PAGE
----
The article ‘knowledge and attitudes of nurses regarding domestic violence and their effect on the identification of battered women’ is authored by Merav Ben Natan and Idit Rais and published in the 2010 publication of Journal of Trauma Nursing, volume 17 issue 2 from page 112 to 117.
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Natan and Rais (2010) address question of identifying battered women by examining how knowledgeable nurses are in the issue and their attitudes towards women who present with cases of domestic violence.
The authors conducted their study among 100 nurses in Israel and they concluded that most nurses have knowledge about domestic violence and the need to screen for such cases but unfortunately this is not always reflected in practice.
The article by Natan and Rais (2010) is a quantitative article based on its research design, including the aspect of collecting first-hand data and use of statistical procedures (Pearson and Spearman correlation) in analysis of the data before making various conclusions.
The article is described as descriptive quantitative since the data that is collected is more descriptive than quantitative, whether demographic data or data on attitude and knowledge.
In addition, it is clear that the study seeks to establish existence of relationships between independent variables (“nurse knowledge, department routines, and attitudes, Natan & Rais 2010, p. 112”) and the dependent variable (identifying battered women) and quantifying the same.
The conduction of this research was upon approval by an institutional review board (IRB) as indicated by the authors that questionnaires were only administered upon a go ahead from an institutional ethics committee.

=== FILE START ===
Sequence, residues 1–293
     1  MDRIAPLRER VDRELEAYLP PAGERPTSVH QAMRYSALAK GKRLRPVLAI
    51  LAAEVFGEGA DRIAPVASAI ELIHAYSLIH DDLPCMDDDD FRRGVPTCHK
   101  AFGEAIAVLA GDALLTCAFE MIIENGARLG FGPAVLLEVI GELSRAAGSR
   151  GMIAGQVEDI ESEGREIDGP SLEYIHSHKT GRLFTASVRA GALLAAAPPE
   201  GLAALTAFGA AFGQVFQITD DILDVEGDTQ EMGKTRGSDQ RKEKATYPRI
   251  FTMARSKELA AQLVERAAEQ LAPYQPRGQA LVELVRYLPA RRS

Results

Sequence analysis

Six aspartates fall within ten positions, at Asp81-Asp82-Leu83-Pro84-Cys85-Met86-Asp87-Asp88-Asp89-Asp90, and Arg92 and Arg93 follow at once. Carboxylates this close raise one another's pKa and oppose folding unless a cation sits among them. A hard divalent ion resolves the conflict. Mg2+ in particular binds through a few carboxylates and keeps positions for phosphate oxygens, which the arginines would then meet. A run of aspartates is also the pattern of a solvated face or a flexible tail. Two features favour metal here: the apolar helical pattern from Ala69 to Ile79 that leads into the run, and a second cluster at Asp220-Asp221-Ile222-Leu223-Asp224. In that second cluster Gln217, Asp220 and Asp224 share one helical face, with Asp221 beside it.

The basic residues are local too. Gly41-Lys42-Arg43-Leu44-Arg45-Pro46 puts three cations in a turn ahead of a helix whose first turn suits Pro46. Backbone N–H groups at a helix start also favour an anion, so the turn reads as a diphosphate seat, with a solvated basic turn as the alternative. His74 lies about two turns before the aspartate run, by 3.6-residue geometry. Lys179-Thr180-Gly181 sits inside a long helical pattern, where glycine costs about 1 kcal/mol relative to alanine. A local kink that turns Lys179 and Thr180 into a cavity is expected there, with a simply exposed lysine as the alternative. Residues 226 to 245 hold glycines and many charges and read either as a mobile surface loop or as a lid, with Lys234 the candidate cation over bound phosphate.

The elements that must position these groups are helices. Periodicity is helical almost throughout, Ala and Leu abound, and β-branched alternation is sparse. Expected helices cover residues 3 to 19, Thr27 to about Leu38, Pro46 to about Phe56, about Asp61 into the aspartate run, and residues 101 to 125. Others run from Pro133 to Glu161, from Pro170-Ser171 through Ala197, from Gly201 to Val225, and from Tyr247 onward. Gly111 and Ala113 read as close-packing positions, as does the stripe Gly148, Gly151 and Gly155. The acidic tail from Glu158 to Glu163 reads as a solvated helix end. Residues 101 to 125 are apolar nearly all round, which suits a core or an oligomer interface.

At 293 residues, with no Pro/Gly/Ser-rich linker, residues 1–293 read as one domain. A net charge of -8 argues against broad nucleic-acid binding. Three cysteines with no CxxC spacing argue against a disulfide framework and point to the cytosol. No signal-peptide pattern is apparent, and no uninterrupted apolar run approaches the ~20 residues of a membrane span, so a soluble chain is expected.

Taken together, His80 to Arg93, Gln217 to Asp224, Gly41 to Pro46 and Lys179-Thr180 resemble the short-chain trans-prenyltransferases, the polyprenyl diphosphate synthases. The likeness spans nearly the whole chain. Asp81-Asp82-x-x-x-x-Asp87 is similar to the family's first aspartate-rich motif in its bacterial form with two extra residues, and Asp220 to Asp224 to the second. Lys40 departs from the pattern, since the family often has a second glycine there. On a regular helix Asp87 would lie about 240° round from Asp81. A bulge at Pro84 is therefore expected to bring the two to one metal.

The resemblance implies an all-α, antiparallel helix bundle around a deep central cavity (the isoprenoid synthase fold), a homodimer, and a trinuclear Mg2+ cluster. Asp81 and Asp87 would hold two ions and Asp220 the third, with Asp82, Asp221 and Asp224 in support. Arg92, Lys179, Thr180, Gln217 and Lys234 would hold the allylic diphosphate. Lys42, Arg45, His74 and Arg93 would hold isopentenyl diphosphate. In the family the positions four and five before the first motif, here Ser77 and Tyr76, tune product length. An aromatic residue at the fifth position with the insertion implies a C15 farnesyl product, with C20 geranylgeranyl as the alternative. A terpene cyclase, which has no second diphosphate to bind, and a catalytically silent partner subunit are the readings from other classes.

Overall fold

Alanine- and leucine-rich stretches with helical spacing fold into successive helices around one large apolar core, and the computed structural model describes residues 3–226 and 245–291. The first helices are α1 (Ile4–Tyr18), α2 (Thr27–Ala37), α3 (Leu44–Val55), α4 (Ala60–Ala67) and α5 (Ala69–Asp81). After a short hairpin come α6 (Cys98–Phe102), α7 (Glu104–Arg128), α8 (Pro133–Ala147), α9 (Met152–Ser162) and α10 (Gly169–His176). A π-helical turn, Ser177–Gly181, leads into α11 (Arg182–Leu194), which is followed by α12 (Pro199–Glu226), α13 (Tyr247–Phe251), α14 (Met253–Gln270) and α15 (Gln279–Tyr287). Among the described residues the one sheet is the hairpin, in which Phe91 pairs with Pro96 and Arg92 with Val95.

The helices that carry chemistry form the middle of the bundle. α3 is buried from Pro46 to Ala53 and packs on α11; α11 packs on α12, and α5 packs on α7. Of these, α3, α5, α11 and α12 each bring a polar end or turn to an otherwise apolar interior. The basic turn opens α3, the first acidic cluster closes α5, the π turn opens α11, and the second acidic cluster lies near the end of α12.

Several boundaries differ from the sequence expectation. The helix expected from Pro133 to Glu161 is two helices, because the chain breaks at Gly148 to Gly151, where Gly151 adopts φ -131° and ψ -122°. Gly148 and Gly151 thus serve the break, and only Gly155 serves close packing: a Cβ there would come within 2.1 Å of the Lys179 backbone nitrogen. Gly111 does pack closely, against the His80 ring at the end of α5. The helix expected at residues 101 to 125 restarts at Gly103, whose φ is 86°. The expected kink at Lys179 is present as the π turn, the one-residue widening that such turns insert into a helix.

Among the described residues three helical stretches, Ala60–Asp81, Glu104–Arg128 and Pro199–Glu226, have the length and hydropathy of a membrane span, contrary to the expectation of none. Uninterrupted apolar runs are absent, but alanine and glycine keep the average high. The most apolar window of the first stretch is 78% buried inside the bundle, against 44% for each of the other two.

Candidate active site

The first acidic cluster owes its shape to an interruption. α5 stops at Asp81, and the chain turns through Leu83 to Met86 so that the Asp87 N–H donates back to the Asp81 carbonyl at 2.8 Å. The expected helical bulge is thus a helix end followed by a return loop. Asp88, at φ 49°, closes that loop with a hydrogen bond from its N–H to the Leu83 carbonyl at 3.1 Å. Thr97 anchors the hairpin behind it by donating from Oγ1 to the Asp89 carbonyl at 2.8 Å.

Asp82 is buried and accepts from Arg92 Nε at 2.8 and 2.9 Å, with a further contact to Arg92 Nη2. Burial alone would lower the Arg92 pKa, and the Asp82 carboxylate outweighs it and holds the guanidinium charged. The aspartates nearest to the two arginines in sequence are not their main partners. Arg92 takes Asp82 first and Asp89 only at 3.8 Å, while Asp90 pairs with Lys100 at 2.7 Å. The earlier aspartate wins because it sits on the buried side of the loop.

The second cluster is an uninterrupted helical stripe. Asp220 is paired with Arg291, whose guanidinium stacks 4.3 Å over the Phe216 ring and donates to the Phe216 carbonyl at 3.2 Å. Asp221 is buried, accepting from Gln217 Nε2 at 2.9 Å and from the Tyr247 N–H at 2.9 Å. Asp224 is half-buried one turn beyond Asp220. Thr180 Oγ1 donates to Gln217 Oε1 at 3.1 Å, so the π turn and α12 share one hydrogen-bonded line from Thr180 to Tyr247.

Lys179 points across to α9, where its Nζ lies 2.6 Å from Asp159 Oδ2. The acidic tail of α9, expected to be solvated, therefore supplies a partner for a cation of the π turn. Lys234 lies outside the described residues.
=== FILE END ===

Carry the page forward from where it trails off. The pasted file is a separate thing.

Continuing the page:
In conducting this research, the authors sought the consent of the prospective participants (nurses) where the purpose of the study was explained to participants and confidentiality of information to be collected was reassured. Moreover, the nurses were left free to make a decision of not participating or even dropping off from the study if they deemed good not to continue with the study.
It is possible, although not stated, that some nurses may have questioned a lot regarding what the information gathered from them was intended for with fears that it may be used against them. However the researchers were able to convince the nurses of confidentiality and purpose of the study.
Beneficence is all about doing something with the aim of benefiting others. This principle is clearly demonstrated in this study with the authors focusing on how nurses handle battered women and even their awareness on how to handle battered women, all in the aim of helping nurses to address the problems of battered women more effectively.